The platform will be used to advance the effectiveness of antibiotics.
Glasgow diagnostics spinout, Microplate Dx, has secured £2.5m in seed funding to develop its point-of-care diagnostic platform to advance the effectiveness of antibiotics.
The platform, which confirms the presence of bacteria, guides a patient’s doctor to effective treatments by rapidly identifying which antibiotics to use and which ones to avoid.
The platform will initially be used to tackle urinary tract infections (UTIs) using urine samples inserted into the device, with results being returned within an hour.
UTIs are one of the most common bacterial infections, affecting at least 92 million people worldwide and responsible for 13.7% of all antibiotics prescribed in community practice in the UK’s NHS.
The Microplate Dx’s system enables antibiotics to be prescribed by a clinician in minutes, as opposed to days.
The platform also has the potential to support the treatment of other key drug-resistant infections, including respiratory tract infections, sepsis, meningitis and fungal infections.
Designated as a major threat to global public health by the World Health Organization, antimicrobial resistance (AMR) is responsible for over 1.27 million deaths globally each year.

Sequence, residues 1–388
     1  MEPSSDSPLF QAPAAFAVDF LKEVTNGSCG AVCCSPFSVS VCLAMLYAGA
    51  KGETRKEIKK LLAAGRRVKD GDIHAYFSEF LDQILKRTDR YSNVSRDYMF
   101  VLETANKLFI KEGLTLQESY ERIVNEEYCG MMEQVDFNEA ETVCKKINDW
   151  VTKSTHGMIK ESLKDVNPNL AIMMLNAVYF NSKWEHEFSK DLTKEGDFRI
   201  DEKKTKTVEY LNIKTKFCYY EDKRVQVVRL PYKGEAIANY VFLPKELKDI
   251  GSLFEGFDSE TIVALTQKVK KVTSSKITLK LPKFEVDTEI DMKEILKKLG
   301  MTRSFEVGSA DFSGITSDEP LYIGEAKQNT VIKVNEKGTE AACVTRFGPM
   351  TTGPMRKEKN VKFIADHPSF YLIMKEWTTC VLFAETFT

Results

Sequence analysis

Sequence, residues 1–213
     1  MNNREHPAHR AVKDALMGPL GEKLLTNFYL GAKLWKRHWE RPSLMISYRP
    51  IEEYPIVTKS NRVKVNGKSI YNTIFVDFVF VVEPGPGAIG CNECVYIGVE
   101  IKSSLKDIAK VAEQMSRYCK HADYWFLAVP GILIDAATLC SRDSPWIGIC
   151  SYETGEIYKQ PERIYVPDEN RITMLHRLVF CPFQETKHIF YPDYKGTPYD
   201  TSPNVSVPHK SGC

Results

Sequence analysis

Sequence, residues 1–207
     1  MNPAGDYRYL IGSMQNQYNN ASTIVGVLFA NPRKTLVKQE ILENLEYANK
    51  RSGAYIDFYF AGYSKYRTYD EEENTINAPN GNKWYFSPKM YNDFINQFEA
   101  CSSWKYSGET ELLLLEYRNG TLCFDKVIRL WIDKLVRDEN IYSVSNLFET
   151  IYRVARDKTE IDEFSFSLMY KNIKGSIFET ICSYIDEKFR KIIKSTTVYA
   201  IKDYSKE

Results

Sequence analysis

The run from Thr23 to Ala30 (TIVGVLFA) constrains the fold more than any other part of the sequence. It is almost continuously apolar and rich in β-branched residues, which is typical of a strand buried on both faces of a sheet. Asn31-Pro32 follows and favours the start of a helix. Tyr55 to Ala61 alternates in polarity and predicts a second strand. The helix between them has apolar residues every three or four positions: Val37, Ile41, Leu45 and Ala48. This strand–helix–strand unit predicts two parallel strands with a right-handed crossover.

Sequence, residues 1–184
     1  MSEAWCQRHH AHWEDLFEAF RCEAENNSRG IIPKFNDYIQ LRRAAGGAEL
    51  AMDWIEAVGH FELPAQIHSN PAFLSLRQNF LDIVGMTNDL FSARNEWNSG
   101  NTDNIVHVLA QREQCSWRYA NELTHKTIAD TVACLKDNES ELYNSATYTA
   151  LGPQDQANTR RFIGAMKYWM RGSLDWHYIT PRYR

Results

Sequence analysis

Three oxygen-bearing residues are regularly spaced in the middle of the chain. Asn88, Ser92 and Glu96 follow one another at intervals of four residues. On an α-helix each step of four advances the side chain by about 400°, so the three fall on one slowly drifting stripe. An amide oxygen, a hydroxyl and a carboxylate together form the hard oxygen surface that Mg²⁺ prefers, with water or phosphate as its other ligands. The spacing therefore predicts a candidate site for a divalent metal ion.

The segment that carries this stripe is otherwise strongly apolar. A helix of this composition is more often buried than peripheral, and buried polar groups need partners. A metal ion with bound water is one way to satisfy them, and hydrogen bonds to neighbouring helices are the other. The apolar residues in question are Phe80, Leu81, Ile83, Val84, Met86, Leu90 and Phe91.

The platform development is funded by existing investors, including Deepbridge Capital and the University of Strathclyde and new investors, including Scottish Enterprise, SIS Ventures and Thairm Bio.
Currently, at the prototype stage, the funding will assist Microplate Dx to continue its clinical trials in 2024 and 2025, with the aim of launching commercially across European pharmacies as well as exploring entry into the US market.
Dr Stuart Hannah, chief executive officer at Microplate Dx, said: “Any delay in identifying the correct antibiotic for treatment can put lives at risk and huge pressure on clinical decision-making.”
He added: “Early clinical benchmark testing relating to urinary tract infections has been positive and the company now intends to target scale-up both commercially and technically. Early prescribing of appropriate antibiotics to patients, so-called ‘personalised prescribing’, is vital to combat AMR on a global scale, and for serious infections, early intervention will save countless lives.”